In July's first Conservative budget since 1996, the removal of the Climate Change Levy (CCL) exemption for renewable electricity was perhaps the most controversial and unexpected announcement within the energy sector.
After all, it could appear contradictory that electricity generated from renewable sources should incur what is essentially a carbon tax.
This was followed by the announcements that tax on profits of older North Sea oil and gas wells would be reduced from 50% to 35%, and that a standard rate of car tax (£140) would be introduced for all cars with carbon emissions above zero (potentially dissuading drivers from buying low-emission vehicles according to a study by the AA).
Does all of this mean the government is now moving the goal posts on climate change?
The Chancellor, George Osborne, estimates that the removal of the CCL exemption will earn the Treasury £450m in 2015/16, rising to £910m in 2020/21. The other side to this is an unexpected loss in net income for green energy companies.
The largest affected organisation is arguably the Drax Group, operator of the Drax Power Station, which meets 8% of the UK’s energy demand. Drax has spent between £650m and £700m on converting coal-fired generators to burn biomass, with an estimated carbon saving of 12 million metric tonnes per year.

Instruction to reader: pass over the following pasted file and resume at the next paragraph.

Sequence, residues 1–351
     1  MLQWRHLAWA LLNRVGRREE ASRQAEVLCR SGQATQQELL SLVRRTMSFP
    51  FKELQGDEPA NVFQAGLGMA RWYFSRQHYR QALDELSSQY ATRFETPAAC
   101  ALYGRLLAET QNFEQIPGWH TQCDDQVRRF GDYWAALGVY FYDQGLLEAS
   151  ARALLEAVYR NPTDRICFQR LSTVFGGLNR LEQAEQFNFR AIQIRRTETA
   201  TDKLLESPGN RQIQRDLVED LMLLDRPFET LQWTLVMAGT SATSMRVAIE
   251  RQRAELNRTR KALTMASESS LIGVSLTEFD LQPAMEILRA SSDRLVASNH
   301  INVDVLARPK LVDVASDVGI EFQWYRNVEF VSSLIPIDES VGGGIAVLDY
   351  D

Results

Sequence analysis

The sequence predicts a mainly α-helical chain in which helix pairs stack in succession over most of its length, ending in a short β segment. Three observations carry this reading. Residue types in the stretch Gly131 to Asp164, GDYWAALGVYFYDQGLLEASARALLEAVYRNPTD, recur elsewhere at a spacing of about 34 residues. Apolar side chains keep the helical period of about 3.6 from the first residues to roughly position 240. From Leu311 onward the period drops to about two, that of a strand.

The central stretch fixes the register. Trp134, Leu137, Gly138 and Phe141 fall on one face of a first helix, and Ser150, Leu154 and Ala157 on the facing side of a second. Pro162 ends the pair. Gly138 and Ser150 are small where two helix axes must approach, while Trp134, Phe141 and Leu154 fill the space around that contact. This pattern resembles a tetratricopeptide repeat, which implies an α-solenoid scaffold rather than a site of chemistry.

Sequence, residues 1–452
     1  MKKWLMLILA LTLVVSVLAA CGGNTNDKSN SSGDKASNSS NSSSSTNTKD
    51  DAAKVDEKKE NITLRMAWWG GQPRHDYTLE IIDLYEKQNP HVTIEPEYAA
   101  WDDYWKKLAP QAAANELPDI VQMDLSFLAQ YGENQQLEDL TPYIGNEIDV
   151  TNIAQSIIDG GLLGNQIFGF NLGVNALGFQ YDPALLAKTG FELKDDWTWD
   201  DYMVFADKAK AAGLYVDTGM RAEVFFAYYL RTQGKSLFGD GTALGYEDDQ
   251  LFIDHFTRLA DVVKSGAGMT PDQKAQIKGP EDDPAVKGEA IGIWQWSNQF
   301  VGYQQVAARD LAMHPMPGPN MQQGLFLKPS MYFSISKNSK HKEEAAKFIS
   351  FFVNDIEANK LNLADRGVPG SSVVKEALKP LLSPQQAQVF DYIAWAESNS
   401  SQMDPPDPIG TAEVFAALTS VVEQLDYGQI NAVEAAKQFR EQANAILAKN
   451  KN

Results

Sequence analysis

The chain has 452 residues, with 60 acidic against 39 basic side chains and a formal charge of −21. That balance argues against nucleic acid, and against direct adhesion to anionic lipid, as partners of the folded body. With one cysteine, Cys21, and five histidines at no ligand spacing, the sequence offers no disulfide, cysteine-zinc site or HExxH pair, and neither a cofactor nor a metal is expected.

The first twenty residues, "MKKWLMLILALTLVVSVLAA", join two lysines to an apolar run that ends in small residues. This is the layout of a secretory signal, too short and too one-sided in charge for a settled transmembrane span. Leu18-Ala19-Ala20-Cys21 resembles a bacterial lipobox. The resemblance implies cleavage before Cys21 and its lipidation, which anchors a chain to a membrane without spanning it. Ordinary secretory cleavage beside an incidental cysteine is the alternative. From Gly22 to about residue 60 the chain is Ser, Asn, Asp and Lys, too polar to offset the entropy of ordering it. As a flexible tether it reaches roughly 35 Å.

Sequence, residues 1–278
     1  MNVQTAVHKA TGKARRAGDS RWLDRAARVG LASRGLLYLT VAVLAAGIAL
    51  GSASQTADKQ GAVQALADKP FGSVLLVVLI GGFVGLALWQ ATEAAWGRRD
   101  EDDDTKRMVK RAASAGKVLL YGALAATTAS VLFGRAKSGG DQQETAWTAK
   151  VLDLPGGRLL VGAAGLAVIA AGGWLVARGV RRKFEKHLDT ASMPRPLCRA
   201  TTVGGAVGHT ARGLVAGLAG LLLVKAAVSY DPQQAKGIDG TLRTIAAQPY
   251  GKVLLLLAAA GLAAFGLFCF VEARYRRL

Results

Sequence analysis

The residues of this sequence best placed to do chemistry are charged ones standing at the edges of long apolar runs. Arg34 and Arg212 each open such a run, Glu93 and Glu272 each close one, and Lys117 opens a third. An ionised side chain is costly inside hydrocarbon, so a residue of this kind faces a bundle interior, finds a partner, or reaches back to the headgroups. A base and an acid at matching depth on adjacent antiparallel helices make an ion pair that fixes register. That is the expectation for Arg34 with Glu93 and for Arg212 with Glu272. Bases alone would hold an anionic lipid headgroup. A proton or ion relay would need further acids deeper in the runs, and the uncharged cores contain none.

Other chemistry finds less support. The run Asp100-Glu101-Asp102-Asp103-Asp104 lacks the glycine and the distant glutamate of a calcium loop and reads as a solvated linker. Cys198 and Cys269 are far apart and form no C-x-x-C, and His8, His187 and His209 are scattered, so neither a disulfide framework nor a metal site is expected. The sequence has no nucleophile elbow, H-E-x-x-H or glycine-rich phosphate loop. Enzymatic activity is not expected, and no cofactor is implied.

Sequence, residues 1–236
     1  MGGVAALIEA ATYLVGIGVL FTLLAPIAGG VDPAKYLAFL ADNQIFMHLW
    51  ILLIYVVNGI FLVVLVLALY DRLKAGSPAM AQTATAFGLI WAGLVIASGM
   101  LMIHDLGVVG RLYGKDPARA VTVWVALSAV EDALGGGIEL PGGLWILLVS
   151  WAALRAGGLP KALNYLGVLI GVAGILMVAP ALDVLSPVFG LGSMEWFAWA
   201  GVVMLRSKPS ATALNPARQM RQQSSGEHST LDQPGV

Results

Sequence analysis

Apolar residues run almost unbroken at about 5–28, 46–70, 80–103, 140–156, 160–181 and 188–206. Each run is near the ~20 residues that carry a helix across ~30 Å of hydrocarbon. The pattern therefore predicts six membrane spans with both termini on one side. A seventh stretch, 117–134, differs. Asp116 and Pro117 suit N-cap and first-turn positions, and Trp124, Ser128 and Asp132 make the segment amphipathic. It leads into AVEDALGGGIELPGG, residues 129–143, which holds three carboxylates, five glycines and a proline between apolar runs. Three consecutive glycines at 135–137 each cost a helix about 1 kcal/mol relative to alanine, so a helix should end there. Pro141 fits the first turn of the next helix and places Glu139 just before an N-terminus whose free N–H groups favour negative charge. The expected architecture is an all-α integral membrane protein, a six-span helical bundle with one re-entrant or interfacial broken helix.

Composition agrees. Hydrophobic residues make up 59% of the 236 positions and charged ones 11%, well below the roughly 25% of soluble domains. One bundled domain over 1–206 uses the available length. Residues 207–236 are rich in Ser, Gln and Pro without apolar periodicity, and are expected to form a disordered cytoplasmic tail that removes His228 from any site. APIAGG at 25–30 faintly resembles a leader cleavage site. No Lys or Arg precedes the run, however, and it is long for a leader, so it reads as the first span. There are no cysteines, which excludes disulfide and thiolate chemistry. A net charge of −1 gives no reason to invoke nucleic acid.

Biomass fuelled electricity generation, considered to be largely carbon neutral, was previously exempt from CCL - significantly impacting Drax's forecasted savings. Exemptions also account for approximately 6% of onshore wind generators’ revenue, providing a further indication of the financial impact this will have on the renewables sector.
George Osborne referred to a “long-term framework for investment in renewable energy [already] in place”, meaning the Contracts for Difference and Feed-in-Tariffs mechanisms in addition to the Renewables Obligation.
He also stated that the CCL has seen taxpayer money benefitting electricity generation overseas, as some renewable generators based abroad were eligible for exemption when electricity was consumed in the UK. These overseas generators were also benefitting from tax breaks in their source country, resulting in double-payment from the production and consumption of the electricity.
UK suppliers will now be required to pay CCL on taxable electricity supplies, which effectively means that a payment will be made to the government rather than an exemption payment to the renewable generators.
Amber Rudd, Secretary of State for Energy and Climate Change, stated that: “…we need to keep bills as low as possible… while reducing our emissions in the most cost-effective way”. She indicated that a higher than expected take up of Feed-in-Tariffs and advancements in solar technology have resulted in unexpectedly higher levels of electricity generation, higher green subsidies and, in turn, increased charges to consumers.
Whilst the government still appears to be supportive of the country’s obligations to reduce carbon emissions, it is clear that great importance is also being placed on reducing the budget deficit.
All YPO customers utilising the electricity framework should have received a letter detailing the options available now that renewable electricity has ceased to be exempt from CCL. If you have not received this communication or have any other queries please do not hesitate to contact us.